Figure 1: Stereograph image of Chattanooga National Cemetery, with hand mowing behind the visitors,1891.
May culminates with Memorial Day, established in 1868 for the nation to pause, to remember and honor deceased service men and women. Seasonally it is the start of summer and the annual chore of maintaining lush, green grass. The audible pitch of mechanical lawn mowers is unavoidable in suburban neighborhoods, at golf courses and parks, and cemeteries. A healthy layer of turf grass is the ideal backdrop for standard government marble headstones. So, May is also the busiest month for the National Cemetery Administration as it mows, trims, waters, fertilizes, and otherwise preens hundreds of thousands of acres of grass at the majority of its 136 national cemeteries to ready them for Memorial Day events.
The appearance of veterans’ graves at national cemeteries has changed over the years. Military procedures assured that the massive influx of interments in the late 1860s and early 1870s were placed into orderly landscapes. But requirements to maintain this honored terrain has advanced through technological inventions such as mowing and irrigation equipment.
Civil War-era burials in the first national cemeteries were arranged in rows or to create shaped sections in a larger design. Individual graves were mounded high with dirt and sprinkled with grass seed. Once mature, the so-called “well sodded” graves were both practical and temporary (Figure 3). As the contents of graves collapsed, the soil sank with it. The mounded graves are illustrated in contemporary images and are evoked by Henry Wadsworth Longfellow in the poem “Decoration Day” (1882): “Your silent tents of green / We deck with fragrant flowers / Yours has the suffering been, / The memory shall be ours.”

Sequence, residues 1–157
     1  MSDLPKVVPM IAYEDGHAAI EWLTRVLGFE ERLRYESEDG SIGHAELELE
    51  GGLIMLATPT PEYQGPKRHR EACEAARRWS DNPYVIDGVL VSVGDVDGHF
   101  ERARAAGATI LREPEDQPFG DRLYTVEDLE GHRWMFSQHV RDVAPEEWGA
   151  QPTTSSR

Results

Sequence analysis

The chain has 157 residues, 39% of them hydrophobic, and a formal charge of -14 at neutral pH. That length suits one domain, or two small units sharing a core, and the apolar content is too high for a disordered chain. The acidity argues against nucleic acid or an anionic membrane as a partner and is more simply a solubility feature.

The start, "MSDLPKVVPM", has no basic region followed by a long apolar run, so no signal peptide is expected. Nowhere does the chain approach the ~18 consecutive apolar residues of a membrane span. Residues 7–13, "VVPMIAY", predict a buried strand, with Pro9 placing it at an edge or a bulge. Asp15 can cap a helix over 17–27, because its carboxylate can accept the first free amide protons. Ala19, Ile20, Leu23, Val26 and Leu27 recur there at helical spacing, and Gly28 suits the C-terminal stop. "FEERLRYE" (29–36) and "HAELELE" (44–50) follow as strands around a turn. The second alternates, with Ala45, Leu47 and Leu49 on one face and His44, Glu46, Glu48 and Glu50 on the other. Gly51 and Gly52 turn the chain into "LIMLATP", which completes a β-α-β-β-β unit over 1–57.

In 1873, new Army procedures called for sunken graves to be treated early in the year and filled “only to the general level of the ground. Before doing this, whatever turf is on the sunken grave will be taken off carefully in as large and regularly shaped pieces as practicable; and…the sod will be replaced upon the refilled grave.… The filling up of the sunken graves should generally be done in the early spring; and by careful attention to the resodding, these graves may be well clothed with green turf by the end of May.”
Figure 2: Postcard, detail of Chattanooga National Cemetery with a “horse mower,” ca. 1906.
Mounded graves would have challenged any mechanical mower. Englishman Edwin Budding (1796-1848), a textile engineer, created the first mechanical push mower in 1830 by adapting the rotary used to trim carpet. In mid-century the device reached the United States and an estimated thirty-eight U.S patents for lawnmowers were issued between 1868 and 1873.
Going into the early 20th century, a national cemetery equipment inventory included hand, horse or “pony,” and power mowers (Figures 1-2).
Risk has always been associated with groundskeeping—injury to laborers and damage to headstones. The 1911 National Cemetery Regulations directed, “Care will be taken to avoid injury to monuments or headstones when cutting the grass” and “sickles or shears” should be used in those areas and “along the drives and walks which can not [sic] be reached with lawn mowers.” About this time, the Quartermaster General used a list of national cemeteries to inventory existing equipment, and the hand-written entries include several “H [horse] mowers,” other mowers and related field equipment (Figure 4).